The Banner Saga (official site) was originally released for PC on Steam at the beginning of 2014, and the game was so incredibly well received that the developer, Stoic, has released a console version of this tactical role-playing game based in Nordic mythology. I’m going to approach this review with the assumption that you’ve not played the PC version, so let’s get all Nordic up in here and find out what the game is all about.
The Banner Saga plays in a world where the sun has stopped in the sky, and a race of creatures called the Dredge have come to destroy things. The humans, and their giant allies, the Varl, need to somehow find a way to survive in this dystopian landscape. You lead a caravan of tattered villagers, hunters, and warriors to try and reach safety while fending off various dangers and evils. The Banner Saga is one of the few games where the decisions you make vastly affects the way the story plays out. It’s been called the video game equivalent of Game of Thrones, so expect some adult themes here, with the cognizance of the fact that some of your characters can suffer permadeath due to circumstance and faulty decision making on the player’s behalf (Ed: Or excellent decision making if that’s what you’re aiming for).
PLOT-ting a way to safety…
The game plays as a cross between a visual novel and a tactical RPG as you see your less-than-jolly band of not-so-merry men across the frozen landscape. For each foe you fell, you earn renown, and renown serves as the game’s main form of currency. Need to buy food for the group? You’ll need renown. Need to buy a trinket to buff your archer? Renown. Need to level up your party? Renown. It becomes quite a delicate balance between surviving the march and surviving the next battle.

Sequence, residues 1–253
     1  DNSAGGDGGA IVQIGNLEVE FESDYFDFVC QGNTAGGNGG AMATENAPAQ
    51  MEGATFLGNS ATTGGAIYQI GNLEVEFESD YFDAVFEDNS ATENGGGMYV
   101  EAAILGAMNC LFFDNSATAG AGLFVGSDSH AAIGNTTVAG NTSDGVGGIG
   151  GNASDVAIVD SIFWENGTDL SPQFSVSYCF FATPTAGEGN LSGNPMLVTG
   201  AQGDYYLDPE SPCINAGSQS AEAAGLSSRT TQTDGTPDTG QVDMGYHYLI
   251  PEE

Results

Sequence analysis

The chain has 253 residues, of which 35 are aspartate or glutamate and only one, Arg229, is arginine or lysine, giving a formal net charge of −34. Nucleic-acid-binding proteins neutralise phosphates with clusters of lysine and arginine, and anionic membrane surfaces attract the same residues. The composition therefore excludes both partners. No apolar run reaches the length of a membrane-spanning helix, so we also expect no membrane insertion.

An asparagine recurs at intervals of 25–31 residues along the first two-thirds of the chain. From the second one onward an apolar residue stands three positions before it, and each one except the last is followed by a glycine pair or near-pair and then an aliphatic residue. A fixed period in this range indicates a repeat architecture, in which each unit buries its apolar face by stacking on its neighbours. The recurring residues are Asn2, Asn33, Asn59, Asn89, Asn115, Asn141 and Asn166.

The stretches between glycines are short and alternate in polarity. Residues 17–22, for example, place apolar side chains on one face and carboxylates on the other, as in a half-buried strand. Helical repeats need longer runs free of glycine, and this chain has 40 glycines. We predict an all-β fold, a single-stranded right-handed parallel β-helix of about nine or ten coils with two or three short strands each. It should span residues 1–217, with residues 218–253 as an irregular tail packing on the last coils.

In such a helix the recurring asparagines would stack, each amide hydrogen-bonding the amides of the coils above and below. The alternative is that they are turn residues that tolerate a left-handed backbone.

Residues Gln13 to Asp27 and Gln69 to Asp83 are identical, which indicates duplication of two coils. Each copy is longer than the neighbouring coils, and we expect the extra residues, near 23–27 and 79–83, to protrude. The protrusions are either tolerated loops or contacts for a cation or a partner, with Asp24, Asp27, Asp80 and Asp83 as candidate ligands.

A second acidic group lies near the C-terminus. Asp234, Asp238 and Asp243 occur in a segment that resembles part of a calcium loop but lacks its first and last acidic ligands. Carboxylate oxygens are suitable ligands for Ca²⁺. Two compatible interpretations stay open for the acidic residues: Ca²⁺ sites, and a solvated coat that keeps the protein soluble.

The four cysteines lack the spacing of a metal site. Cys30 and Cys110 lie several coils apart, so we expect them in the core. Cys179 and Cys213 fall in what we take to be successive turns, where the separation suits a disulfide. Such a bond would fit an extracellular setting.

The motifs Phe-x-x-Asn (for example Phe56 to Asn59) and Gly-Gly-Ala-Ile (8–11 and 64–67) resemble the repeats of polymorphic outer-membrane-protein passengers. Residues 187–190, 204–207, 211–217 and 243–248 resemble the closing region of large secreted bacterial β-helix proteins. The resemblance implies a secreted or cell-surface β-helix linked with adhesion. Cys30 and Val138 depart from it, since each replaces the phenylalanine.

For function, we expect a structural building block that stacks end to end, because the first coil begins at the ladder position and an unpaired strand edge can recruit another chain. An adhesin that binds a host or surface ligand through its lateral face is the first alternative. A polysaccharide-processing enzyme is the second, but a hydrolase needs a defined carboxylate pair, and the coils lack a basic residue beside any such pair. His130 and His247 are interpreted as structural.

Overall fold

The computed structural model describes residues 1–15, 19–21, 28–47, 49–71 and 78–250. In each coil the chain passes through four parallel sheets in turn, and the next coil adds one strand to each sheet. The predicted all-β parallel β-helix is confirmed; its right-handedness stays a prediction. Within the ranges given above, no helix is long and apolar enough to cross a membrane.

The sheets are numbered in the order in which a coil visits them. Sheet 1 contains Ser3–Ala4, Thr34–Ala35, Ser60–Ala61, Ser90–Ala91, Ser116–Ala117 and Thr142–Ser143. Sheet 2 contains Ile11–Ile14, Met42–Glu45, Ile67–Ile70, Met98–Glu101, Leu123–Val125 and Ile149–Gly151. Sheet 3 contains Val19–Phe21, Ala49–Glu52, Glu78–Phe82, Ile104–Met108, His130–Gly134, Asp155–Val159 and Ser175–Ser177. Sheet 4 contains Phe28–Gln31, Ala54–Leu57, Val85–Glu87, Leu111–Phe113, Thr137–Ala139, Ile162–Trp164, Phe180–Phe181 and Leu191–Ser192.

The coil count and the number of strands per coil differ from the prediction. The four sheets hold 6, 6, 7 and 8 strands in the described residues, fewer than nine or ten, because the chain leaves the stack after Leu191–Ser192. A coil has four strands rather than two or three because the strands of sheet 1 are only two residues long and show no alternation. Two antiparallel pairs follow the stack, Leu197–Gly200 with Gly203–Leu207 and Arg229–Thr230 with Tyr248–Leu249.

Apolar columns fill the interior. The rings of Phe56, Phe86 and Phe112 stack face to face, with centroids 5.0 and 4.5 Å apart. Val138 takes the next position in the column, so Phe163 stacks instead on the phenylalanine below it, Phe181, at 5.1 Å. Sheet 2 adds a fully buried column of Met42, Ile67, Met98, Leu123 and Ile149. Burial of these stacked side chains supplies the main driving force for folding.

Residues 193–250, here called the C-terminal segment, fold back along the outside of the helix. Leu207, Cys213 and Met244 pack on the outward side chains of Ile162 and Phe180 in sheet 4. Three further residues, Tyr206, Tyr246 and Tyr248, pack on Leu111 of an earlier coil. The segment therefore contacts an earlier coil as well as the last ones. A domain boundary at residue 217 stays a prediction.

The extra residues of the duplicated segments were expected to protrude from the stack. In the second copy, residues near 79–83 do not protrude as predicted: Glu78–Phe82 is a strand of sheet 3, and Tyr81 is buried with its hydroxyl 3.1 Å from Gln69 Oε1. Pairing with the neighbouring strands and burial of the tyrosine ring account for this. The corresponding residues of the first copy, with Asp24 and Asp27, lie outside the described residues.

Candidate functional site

Battles themselves take place on an isometric map, think something like Final Fantasy Tactics or Rainbow Moon (reviewed by us over here) or XCOM (reviewed here and here). Warriors—both yours and enemy warriors—have a given attack and move range, and have two very important stats for the purposes of battle: armor, and strength. Strength serves as both a measure of how hard your unit can hit as well as hit points. Armour determines how much damage you’ll take in the next blow. It becomes another tactical decision whether to chip away at the enemy’s armour to be able to do more damage later, or chip away at his strength so he’ll do less damage to you in the long term. Then there’s the decisions about who will fill the roster on your team, how many humans (lithe and fast), how many Varl (your basic tank), and whether to level them up or let them rest. And if you take a particular character into a given battle, will they fall, never to be seen again, or will they survive the battle in an injured state? And if you do have injured warriors, do you let them rest up at the cost of provisions, or soldier on and hope you don’t run into any antagonists on the way. These kinds of tactical decisions make The Banner Saga a more strategically demanding game than most “sword and sorcery” types.